Finance Minister AMA Muhith did admit that the country was having a jobless growth in a unique situation where macro-economy experiences growth but level of employment either remains static or records decline.
According to a FE report this week, the finance minister described the data on jobless growth in the country as an enigma, claiming that many sectors are still facing difficulty in hiring workers. Sectors like agriculture find it hard to employ labourers to cultivate crops, he said.
Mr Muhith felt that people were somehow busy doing other jobs. His observation came in the backdrop of official statistics that the growth of employment in recent years declined despite a robust economic growth.
According to the official statistics, more than 85 per cent of the jobs in 2016-17 were informal which cannot be considered good quality jobs. On an average, gross domestic product (GDP) in Bangladesh grew annually by 6.6 per cent, and there has been a net increase of 2.8 million new jobs on top of the 60.7 million jobs that existed in the economy in 2013.
Such a situation suggests that the number of jobs grew by only 0.9 per cent per annum or less than one-eighth of the rate at which the economy grew during those five years. The country is, thus, having growth without an expansion of jobs.
According to the Labour Force Surveys, over the past five years, jobs declined by 1.5 million in agriculture. Out of the new jobs created in the economy, the services sector accounted for the bulk-3.9 million. Of these, industry accounted for only 0.3 million jobs.
During the same period, jobs in agriculture declined by 1.1 per cent against output growth of 3.2 per cent; jobs in the industry grew by only 0.5 per cent even as output grew by a robust 9.8 per cent, while services sector jobs grew by around 4.0 per cent against output growth of around six per cent.
Despite strong output growth of 10.4 per cent, the manufacturing jobs declined by 0.77 million-from 9.53 million in 2013 to 8.76 million in 2016-17-an annual average decline by 1.6 per cent. Economists consider it as a most alarming feature for the country's growth.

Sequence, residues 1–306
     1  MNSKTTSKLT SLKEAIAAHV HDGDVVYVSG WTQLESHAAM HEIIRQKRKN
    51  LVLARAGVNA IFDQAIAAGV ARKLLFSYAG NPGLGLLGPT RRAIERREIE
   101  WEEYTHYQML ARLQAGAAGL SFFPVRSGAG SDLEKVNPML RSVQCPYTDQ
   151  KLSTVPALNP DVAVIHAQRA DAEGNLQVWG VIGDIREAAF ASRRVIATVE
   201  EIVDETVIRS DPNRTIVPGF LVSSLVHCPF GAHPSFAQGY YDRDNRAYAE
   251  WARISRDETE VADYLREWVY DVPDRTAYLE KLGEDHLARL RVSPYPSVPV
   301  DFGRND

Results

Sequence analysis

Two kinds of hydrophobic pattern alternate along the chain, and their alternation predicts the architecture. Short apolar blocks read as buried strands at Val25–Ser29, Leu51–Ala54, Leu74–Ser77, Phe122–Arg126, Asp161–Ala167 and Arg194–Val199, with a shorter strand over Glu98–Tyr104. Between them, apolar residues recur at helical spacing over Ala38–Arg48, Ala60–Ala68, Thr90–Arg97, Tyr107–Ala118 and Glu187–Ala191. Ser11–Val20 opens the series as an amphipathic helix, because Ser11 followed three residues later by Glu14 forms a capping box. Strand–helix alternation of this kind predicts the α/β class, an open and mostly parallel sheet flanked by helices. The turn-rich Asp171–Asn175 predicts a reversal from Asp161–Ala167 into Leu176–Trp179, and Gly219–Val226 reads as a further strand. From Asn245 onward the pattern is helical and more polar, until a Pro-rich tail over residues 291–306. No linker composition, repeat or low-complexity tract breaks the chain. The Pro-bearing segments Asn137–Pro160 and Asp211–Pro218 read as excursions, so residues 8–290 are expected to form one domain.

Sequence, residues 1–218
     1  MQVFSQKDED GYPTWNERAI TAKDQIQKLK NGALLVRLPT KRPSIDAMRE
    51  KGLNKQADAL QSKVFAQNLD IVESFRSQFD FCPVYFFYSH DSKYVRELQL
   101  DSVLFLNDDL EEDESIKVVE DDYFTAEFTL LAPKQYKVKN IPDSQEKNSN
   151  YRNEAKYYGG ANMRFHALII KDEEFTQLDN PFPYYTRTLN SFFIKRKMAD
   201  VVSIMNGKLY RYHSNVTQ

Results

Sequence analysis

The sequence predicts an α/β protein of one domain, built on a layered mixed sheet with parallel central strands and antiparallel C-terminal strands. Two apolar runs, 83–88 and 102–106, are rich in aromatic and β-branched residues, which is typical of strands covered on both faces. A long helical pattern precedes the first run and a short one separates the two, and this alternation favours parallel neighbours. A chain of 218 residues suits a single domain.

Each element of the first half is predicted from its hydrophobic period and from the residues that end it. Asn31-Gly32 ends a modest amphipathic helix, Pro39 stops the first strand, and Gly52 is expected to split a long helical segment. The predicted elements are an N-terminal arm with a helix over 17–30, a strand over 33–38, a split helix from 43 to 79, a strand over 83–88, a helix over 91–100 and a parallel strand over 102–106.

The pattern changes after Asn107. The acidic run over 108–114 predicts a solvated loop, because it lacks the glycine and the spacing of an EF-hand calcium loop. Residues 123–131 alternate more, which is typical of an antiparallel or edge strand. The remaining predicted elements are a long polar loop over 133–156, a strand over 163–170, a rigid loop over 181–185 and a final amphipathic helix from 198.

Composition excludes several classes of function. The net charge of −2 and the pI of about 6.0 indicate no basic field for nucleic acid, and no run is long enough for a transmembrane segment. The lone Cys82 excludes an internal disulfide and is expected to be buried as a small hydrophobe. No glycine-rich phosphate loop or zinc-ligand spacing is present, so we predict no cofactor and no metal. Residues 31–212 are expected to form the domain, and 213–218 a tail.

While male manufacturing jobs registered a rise by only 0.17 million, female manufacturing jobs saw a big drop by 0.92 million. This suggests that much of the pride of generating female employment in the manufacturing sector over the past few decades in Bangladesh is now dwindling.
As the high economic growth is not creating enough employments, the country is in need of structural economic reforms. The service sector should be streamlined, as manufacturing sector is not expected to be a major generator of jobs in future.
The country's economy largely depends on manufacturing and agriculture sectors. But the number of workers in clothing industry is shrinking steadily for increasing use of artificial intelligence (AI) tools in production unit. The same development holds true to the agriculture sector, as mechanisation drives manual labour force out of crop production.
However, according to analysts, service sector can be a major driving force for employment generation. But it is still largely an informal employment sector in Bangladesh. If it could be transformed into a formal one, it will be a major achievement. In this respect, specific areas need to be identified where the country has opportunities. A plan should be chalked out to harness its potential.
In spite of huge unemployed manpower, the country largely depends on foreign experts due to shortage of skilled hands in many sectors. Due to lack of quality education, many youths could not be engaged in highly valued jobs. To this end, there is an urgent need for enhanced investment in education for strengthening skill development.
Achieving a high rate of economic growth alone, in terms of a mere increase in the GDP growth rate, can't be termed a good growth. The quality of growth is the most vital factor. Such growth must be able to produce jobs and livelihoods for as many people as possible. With a view to bypassing 'jobless growth', its strategies, pattern and structure have to be changed.
The economy of the country is growing, but the number of jobseekers is growing far more rapidly. The economy needs to be diversified to cope with the economic reforms -- from agriculture to manufacture and service sectors.
Young entrepreneurs should be provided with easy loan and required training. Dissemination of innovative ideas is also crucial. The youth should explore their inherent talents to turn them from job-seekers into job-givers.
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